We heard some disturbing statistics about the time to grant. This is the time it takes from the end of a call for proposals to grants being made. It averages some 340 days. We found this unbelievable. In the fast-moving area of innovation and research where discoveries are being made every day, a proposal to seek funding for a particular project can remain fresh only for a certain period of time, after which by definition something else must be discovered and that should take precedence. If the bureaucratic process actually to get the funds out is taking so long, that can be a major disincentive to smaller organisations, particularly the SMEs, and to university departments where committing funds to keep staff in place to be able to work on an ultimate research project can be exceedingly difficult. I would be grateful if the Minister could confirm that Her Majesty’s Government will continue to push for a reduction in the red tape. Of course there must be processes in place securely to protect the funding, but we must make sure that they are not so bureaucratic that in the end the purpose of the exercise, which is innovation, is inadvertently destroyed.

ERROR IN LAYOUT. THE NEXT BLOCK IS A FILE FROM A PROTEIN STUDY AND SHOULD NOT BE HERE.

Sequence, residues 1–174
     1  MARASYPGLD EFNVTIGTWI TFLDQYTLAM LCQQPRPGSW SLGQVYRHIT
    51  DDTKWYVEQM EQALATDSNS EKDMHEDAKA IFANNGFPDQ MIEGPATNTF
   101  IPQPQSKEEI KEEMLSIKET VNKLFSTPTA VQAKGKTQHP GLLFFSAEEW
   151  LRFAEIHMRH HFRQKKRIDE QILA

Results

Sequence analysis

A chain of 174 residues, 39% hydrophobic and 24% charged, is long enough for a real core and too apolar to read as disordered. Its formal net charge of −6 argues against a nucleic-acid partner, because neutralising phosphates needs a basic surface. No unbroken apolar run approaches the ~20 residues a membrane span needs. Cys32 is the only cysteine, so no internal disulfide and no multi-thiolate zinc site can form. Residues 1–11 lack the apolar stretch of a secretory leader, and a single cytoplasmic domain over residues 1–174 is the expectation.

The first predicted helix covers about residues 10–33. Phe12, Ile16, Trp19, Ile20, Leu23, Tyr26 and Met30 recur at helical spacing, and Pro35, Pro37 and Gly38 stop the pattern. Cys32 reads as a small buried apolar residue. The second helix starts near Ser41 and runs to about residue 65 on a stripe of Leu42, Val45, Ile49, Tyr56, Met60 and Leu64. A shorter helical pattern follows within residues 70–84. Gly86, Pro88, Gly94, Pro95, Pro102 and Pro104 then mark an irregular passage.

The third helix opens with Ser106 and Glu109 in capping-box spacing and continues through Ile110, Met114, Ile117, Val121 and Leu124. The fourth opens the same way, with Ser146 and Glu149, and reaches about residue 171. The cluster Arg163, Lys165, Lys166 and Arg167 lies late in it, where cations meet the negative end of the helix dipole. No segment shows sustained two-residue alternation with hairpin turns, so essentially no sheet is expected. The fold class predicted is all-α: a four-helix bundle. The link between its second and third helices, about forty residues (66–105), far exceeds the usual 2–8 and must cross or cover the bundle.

Finally, there is an important ongoing need to continue to review the success with which these funds have been applied. It needs to be clearly and objectively demonstrated to the citizens of all European countries that this money, coming ultimately from the taxpayer, is being used to good purpose through a careful assessment, first, of the needs of the projects being supported, and then that what was promised as part of the application process by successfully awarded programmes is being delivered, and that the deliverables which were the focus of so much hope as part of the application process are translated into meaningful impacts and benefits for the people of Europe.